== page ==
Here’s a typical un-project: a group of images born in the editing process, given shape, meaning, narrative, etc. entirely retrospectively. I suspect almost everyone with a camera works like this, at least sometimes. Many don’t work any other way. Did Gary Winogrand ever set out to do a project, in the contemporary sense? Or did he just take pictures, leaving all the usual concerns for later (or even for someone else)?
Usually I’m a project guy, not a walk-around-with-a-camera-all-the-time-and-see-what-happens guy. I often go months without picking up a camera, and then after dusting it off have to try to remember what all the buttons do.
But the cell phone is always with me. And sometimes I’ll get inspired by something unrelated while working on a project. Or I’ll take the camera on vacation, or will have it in my bag on the way to doing someone a favor*, etc. etc.
This series came about when I was carrying a camera around for the Sub/Culture project. I started seeing the saddest stuffed animals. Everywhere. Some were predictably sad, like the memorial by the train tracks (above). Others were a bit more mysterious: how does a 4-foot Winnie the Pooh end up face-down in a puddle in South Brooklyn? Is this a sign of End Times?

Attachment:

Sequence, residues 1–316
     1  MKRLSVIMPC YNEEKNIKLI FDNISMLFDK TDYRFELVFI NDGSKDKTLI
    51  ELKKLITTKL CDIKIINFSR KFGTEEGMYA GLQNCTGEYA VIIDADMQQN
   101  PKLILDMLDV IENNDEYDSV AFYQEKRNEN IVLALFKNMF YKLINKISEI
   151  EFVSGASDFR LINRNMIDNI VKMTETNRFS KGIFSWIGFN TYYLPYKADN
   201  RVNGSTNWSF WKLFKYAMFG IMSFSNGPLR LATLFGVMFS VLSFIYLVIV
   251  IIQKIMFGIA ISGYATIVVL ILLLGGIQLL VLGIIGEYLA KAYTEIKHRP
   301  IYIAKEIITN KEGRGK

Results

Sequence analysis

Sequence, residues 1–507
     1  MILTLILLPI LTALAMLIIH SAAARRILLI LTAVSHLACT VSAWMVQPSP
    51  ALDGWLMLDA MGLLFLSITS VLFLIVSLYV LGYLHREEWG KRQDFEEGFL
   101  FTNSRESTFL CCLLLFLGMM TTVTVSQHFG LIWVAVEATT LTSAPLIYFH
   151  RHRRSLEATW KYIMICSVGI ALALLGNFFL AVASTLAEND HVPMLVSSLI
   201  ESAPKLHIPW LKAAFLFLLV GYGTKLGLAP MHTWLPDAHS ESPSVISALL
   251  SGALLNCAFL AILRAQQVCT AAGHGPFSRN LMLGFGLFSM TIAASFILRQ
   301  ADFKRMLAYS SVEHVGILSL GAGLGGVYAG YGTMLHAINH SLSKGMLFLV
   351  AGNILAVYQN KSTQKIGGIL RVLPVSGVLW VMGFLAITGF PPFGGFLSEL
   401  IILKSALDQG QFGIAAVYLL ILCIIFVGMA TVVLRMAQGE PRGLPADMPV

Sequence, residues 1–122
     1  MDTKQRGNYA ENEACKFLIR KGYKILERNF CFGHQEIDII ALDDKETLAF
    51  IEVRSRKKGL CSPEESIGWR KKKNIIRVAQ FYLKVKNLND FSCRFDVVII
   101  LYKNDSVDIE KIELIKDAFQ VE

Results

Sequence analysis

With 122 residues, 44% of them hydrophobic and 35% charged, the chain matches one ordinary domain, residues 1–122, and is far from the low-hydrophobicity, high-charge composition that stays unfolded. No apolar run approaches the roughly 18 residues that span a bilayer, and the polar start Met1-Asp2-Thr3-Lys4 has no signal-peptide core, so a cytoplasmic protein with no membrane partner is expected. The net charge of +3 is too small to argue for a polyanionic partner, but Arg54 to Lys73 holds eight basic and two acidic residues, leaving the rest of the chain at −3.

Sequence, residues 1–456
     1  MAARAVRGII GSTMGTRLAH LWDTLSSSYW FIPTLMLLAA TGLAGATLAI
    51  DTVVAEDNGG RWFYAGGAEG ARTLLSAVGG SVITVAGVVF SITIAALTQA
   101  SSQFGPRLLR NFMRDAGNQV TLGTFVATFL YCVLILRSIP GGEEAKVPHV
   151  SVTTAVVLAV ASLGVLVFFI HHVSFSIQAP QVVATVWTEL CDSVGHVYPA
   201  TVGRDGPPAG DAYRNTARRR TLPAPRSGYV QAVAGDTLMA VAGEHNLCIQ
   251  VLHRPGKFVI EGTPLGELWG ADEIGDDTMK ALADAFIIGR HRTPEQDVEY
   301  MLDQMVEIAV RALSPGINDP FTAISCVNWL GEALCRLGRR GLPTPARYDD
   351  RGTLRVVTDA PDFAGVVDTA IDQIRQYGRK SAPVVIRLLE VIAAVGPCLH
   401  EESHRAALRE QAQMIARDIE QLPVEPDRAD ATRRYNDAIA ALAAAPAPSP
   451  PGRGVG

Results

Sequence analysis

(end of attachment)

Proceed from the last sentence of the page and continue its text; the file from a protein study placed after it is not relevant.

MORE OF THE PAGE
After a few months, I noticed an accumulation of these pictures on my digital lightbox, and so gave them their own category. I’d need many more of these, and much more rigorous edit, to consider it a project—and to put it in front of curators or collectors. Probably the memorial pictures wouldn’t belong. The baby shower sign really wouldn’t. But we’ll never know before the rest of the pictures show up. For the sake of the stuffed animals, let’s hope it never happens.
*before you ask, no, I’m not going to do your headshots. It wouldn’t go well. The last two friends who insisted that I take their online dating pictures stopped talking to me for about 6 months.